Completely new racing cars were built for the 1951 season. These were significantly more competitive in terms of both the location of the center of gravity and the weight. HWM sold the old cars to “gentlemen's drivers”, while Moss and Macklin could now consider themselves the regular drivers of the works team, who were, however, supplemented by top-class team colleagues such as Prince Bira and Louis Chiron . Despite tough competition, Moss finished second in Aix-les-Bains and third in a Formula 1 race in Zandvoort . Macklin, on the other hand, took second place in Angouleme and third in Modena, while the new team member Harry Schell crossed the finish line right behind the winner of the Posillipo race . At the end of the summer, Yves Giraud-Cabantous added another French to the team. At the end of the season, HWM competed in Winfield against local competition, so that they could even celebrate a clear triple victory in the order Moss-Albecassis- Duncan Hamilton .

Drivers world championship

Since the 1952 world championship season was contested according to Formula 2 rules, entry into the top motorsport class was almost inevitable, and with Peter Collins , Moss, Macklin and Giraud-Cabantous were given another talented young driver . Abecassis and Heath only drove occasionally, so Hamilton, Tony Rolt and a few others supported the works team during the long 1952 season. At the BRDC International Trophy in Silverstone, Macklin won ahead of Rolt, at the Nürburgring Stirling Moss was able to show a second place and in Chimay at the “Grand Prix des Frontieres” Paul Frère even celebrated a victory. Collins and Macklin took a few more good places in lower-class races, but overall the season - measured by the high level of personnel required - was disappointing, as Paul Frère's fifth place was only a minor success in the championship races recorded. With even less capital for the 1953 World Cup season , the results were even more disillusioning.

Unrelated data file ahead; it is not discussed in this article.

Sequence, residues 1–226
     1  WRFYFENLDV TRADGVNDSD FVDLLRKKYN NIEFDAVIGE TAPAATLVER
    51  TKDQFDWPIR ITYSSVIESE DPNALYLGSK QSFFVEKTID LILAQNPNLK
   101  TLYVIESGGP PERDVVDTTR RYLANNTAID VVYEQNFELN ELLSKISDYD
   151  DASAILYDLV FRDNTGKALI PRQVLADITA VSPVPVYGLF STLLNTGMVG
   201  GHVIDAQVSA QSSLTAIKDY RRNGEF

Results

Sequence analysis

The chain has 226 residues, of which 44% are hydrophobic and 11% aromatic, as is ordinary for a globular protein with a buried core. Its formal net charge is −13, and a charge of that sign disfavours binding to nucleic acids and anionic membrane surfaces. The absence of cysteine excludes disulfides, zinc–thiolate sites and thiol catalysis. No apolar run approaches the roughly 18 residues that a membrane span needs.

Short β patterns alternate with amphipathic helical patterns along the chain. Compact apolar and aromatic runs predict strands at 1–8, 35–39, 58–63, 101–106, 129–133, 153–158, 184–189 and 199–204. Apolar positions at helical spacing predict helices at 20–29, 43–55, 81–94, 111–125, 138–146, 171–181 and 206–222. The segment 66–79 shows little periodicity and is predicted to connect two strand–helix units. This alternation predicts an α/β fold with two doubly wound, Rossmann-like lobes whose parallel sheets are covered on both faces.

End and withdrawal from racing

HWM Sports at the VSCC SeeRed Race Meeting in Donington Park (2007)

Since the 1954 Formula 1 season was to be held according to new rules, HWM decided to make a show of strength and tried a 2.5-liter version of the Alta engine, but this too was not successful in the class dominated by the large factory teams be. Thereupon HWM turned back to the sports car races, where they only had minor successes. When Heath died in a racing accident at the Mille Miglia , Abecassis and HWM withdrew from racing as the official works team in order to only manufacture vehicles for customers. After the late 1950s, the HWM had disappeared from the racetracks. In any case, it was the merit of the team to have supported two of the best British Grand Prix drivers of all time in their early years, Stirling Moss and Peter Collins.

In the following years, HWM built a few extravagant street sports cars with Jaguar engines.

The company is still based in Walton-on-Thames. It is now called HWM Group, Ltd. and operates the oldest existing agency for this brand through its subsidiary HWM Aston Martin Surrey and an Alfa Romeo agency through HWM Alfa Romeo Surrey . Both also operate from Walton-on-Thames.

Web links

Commons : HWM  - collection of images, videos and audio files